http://dx.doi.org/10.1016/j.ebcr.2014.06.001 2213-3232/© 2014 The Authors. Published by Elsevier Inc. This is an open access article under the CC BY-NC-ND license (http://creativecommons.org/licenses/by-nc-nd/3.0/).

G. Giovannini, S. Meletti / Epilepsy & Behavior Case Reports 2 (2014) 136–141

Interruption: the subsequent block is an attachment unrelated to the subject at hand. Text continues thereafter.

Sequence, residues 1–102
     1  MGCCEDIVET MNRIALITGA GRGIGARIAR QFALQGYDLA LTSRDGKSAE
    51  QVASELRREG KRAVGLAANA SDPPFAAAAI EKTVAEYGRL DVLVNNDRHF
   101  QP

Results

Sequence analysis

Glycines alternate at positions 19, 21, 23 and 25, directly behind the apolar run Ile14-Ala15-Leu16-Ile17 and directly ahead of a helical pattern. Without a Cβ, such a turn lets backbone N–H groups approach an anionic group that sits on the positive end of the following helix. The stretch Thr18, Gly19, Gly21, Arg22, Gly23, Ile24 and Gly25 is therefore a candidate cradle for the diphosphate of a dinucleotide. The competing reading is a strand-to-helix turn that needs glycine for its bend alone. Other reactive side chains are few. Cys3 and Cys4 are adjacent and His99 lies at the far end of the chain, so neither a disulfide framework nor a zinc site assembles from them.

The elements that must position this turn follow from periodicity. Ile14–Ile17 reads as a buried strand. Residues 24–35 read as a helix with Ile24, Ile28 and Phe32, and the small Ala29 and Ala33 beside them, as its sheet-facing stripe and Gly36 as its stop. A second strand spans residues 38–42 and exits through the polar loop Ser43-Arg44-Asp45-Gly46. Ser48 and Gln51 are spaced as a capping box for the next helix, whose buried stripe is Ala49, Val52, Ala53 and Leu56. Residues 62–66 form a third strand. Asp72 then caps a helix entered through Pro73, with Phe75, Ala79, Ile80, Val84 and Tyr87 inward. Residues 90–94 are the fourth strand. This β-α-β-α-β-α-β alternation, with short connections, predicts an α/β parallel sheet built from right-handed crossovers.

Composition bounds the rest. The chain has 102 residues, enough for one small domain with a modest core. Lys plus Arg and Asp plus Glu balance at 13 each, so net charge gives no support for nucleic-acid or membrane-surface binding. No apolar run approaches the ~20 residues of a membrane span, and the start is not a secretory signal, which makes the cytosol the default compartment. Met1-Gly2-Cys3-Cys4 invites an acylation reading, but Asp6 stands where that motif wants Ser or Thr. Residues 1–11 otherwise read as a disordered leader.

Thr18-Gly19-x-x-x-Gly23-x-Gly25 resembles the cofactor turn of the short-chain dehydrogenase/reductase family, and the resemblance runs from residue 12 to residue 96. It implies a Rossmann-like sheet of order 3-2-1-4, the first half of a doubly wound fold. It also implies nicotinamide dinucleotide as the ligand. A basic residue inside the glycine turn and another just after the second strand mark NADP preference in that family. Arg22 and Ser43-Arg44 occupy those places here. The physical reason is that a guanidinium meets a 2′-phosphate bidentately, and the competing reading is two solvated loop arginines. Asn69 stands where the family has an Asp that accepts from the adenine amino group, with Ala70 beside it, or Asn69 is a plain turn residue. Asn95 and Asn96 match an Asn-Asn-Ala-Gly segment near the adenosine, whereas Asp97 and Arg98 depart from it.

2. Methods 2.1. Case report We, hereby, present a case of IA in a patient with new-onset epilepsy observed in our neurology ward. 2.2. Systematic literature search We conducted a systematic review of the literature available in PubMed (1950–Apr 2014), searching for cases in which ictal asystole was documented (EEG with ECG registration) as an early manifestation in a new-onset epilepsy or in a newly diagnosed epilepsy [13]. We, therefore, included cases in which IA was a clinical symptom that prompted the diagnosis of epilepsy. We also included cases with an already established epilepsy diagnosis whose seizures had not already failed to respond to adequate trials of two tolerated, appropriately chosen antiepileptic drug schedules (whether as monotherapies or in combination) to achieve sustained seizure freedom. As a consequence, we excluded all the cases in which ictal asystole was observed in the context of drug-resistant epilepsy (as defined by the authors themselves). The search keywords used, according to the MeSH terms, were the following: “Epilepsy AND Asystole OR Ictal Asystole OR Ictal bradycardia syndrome OR Ictal Bradycardia”. The initial search identified 829 citations. After data analysis and extraction, we identified 29 reports of suspected ictal asystole in newonset/newly diagnosed epilepsy, but eight articles were finally excluded because they lacked a clear EEG/ECG coregistration of the phenomenon (see flowchart, Fig. 1). The primary outcomes of the review were to evaluate the time lag between the first episode of loss of consciousness and the diagnosis of ictal asystole and to define the ictal clinical symptoms associated with or preceding loss of consciousness. We also evaluated the following: lobar involvement, etiology, hemispheric lateralization of the seizure, and therapy (AEDs chosen and pacemaker implantation). 3. Case presentation A 69-year-old woman came to the emergency department for recurring episodes over the previous month characterized by mental confusion, light-headedness, and dizziness followed by loss of consciousness, with intense pallor and sweating. Recovery was quite rapid (20–40 s), and no postictal aphasia or other deficits were reported. Interictal neurological examination was normal. In her past medical history, the relevant elements were as follows: a thyroid papillary tumor treated with thyroidectomy (16 years before), a catamenial migraine (since her youth), a meningioma of the left cavernous sinus treated with surgery (11 years before) followed by gammaknife radiosurgery (5 years before), and a right frontal meningioma treated with gamma-knife radiosurgery (the year before). The carotid sinus massage and the tilt-table test were both negative for vasovagal syncope and orthostatic hypotension. The cardiologic investigations performed (transthoracic echocardiography and Holter ECG) were also unremarkable. Even if the semiology of the events was not suggestive of seizures/ epilepsy, this possibility was considered (multiple meningiomas). Indeed, a prolonged EEG monitoring allowed the recording of one typical episode demonstrating a right frontotemporal epileptic seizure with progressive bradycardia leading to a 9-second asystole (Fig. 2A). The brain MRI confirmed the presence of multiple meningiomas together with postactinic gliosis of the right temporal lobe (Fig. 2B). Since there were no modifications from the previous MRI, a neurosurgical intervention to remove the right frontotemporal meningioma was not considered a priority, also taking into account the previous neurosurgical history of the patient and the presence of postradiotherapy white matter changes in the right temporal lobe that could have had,